The above preview is unformatted text

This student written piece of work is one of many that can be found in our AS and A Level Molecules & Cells section.

Found what you're looking for?

  • Start learning 29% faster today
  • 150,000+ documents available
  • Just £6.99 a month

Not the one? Search for your essay title...
  • Join over 1.2 million students every month
  • Accelerate your learning by 29%
  • Unlimited access from just £6.99 per month

See related essaysSee related essays

Related AS and A Level Molecules & Cells essays

  1. A2 coursework- The effects of bile salts on digestion of fat

    all work surfaces from bags and coats to prevent accidents occurring * If any glass is broken then clear it up with a dust pan and brush and dispose of it into the broken glass bin * Lipase can cause irritation to the skin * Bile salt if ingested can

  2. An investigation into the effect of lipase concentration on the rate of lipid digestion ...

    Tube 1 contains both lipase and bite salts, and we would expect this to produce the fastest rate of reaction. Tube 2 contains lipase only, which we would expect to react, but not at such a great rate as tube 1.

  1. An experiment to investigate the effect of temperature on the action of the enzyme ...

    This turns purple in an alkaline solution, but colourless in an acidic solution. This will help me time the rate of reaction because I will see how long it takes for the solution to turn colourless (a milky colour in this case)

  2. An experiment to investigate the effect of enzyme concentration on the rate of milk ...

    The sample of lipase must be kept in suitable conditions (example; the same temperature throughout) so as not to cause denaturation of enzymes. Also, the same graduated pipette must be used each time. - Fat content of milk: ==> What is it: Triglycerides can be solid or liquid at room temperature.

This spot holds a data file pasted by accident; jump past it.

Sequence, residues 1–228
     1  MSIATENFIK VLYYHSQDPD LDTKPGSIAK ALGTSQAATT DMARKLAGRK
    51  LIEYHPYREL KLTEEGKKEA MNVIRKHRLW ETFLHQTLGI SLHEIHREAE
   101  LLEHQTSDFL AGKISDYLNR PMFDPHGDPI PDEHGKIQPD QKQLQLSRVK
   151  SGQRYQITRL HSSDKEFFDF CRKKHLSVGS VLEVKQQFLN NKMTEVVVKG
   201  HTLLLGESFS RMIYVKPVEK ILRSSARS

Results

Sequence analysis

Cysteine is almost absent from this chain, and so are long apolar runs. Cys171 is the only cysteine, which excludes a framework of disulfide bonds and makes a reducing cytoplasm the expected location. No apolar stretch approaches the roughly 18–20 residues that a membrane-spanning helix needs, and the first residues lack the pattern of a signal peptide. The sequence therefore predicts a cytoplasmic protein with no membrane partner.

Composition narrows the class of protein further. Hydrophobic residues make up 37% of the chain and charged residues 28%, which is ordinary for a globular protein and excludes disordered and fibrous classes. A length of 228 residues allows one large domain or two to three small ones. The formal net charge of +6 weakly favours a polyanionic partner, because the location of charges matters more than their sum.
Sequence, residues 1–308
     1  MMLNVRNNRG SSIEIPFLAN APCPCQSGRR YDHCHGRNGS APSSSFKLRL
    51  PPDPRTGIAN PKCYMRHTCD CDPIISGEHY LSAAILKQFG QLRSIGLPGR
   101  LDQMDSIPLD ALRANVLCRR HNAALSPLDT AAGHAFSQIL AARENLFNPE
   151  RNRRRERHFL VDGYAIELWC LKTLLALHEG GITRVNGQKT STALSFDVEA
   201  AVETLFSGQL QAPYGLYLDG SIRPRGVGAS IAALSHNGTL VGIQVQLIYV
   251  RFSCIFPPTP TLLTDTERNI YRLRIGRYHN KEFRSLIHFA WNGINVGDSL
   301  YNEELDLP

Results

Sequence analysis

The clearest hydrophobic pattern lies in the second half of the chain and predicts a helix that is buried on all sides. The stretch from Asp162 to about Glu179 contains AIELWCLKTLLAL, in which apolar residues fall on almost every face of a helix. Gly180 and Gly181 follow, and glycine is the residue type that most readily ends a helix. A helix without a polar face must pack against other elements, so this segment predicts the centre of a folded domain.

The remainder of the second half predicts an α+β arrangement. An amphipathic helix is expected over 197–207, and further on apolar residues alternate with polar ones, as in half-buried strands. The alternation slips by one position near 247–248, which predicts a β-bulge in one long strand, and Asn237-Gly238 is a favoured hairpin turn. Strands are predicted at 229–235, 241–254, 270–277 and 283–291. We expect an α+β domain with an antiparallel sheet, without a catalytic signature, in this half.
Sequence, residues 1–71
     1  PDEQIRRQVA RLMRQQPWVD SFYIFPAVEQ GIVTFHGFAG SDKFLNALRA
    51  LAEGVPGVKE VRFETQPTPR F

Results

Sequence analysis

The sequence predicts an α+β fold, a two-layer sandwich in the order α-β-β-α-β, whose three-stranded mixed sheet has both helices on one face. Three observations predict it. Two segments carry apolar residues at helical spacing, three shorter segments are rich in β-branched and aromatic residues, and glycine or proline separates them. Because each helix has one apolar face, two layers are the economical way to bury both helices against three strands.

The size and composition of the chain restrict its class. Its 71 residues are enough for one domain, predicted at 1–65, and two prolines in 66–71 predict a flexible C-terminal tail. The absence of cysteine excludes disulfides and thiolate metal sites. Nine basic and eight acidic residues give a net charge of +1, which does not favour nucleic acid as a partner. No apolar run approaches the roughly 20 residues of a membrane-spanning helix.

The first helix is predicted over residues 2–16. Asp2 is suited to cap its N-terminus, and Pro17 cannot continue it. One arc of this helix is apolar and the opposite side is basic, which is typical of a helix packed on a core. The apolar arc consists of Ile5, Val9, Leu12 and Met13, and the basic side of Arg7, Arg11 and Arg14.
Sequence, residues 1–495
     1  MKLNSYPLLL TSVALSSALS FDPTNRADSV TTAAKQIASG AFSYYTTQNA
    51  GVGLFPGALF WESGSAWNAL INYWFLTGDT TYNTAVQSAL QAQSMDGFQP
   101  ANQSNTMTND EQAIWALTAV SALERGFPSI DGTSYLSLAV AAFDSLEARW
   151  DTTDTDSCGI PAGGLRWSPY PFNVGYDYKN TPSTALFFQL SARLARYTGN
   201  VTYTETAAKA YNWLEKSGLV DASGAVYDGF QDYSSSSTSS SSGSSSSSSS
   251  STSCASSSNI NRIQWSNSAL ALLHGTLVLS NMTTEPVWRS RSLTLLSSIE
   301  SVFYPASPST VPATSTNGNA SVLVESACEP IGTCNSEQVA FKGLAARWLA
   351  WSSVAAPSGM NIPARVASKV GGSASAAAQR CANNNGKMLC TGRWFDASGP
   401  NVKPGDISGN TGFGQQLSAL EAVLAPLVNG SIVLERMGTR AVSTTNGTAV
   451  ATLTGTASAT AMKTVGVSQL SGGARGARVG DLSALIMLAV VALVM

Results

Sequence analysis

1. 'Investigating how temperature affects the rate action of the amylase enzyme on starch.'

    Aim: 'Investigating how temperature affects the rate action of the amylase enzyme on starch.' Having done my Preliminary experiment, I will be now doing the Official experiment. I have identified the major areas to be improved in the preliminary experiment mainly as the results were declared faulty.

  2. Investigating The Activity Of The Enzyme Lipase On Milk

    The pH level would not be an interesting variable to alter because as lipase works in the duodenum, the optimum pH is 8/9 (alkaline) so the reactions will be a clear and predictable shape on a graph, so I do not feel it is worth investigating.

  1. The Comparison of Lipase Digestion with and without Bile Salts.

    lipases are more effective if emulsifying agents e.g. bile salts, are present because they break up the substrate into smaller droplets. Bile, a viscous, greenish yellow fluid is secreted by the hepatocytes in the liver and is stored and concentrated in the gall bladder.

  2. See if the concentration of the substrate (milk) will effect the rate at which ...

    I thought this because the less fat particles there are, the less work the enzymes have to do. However, this is not the case because the more fat particles there are, the more chance there is of an enzyme bumping into it.

  • Over 160,000 pieces
    of student written work
  • Annotated by
    experienced teachers
  • Ideas and feedback to
    improve your own work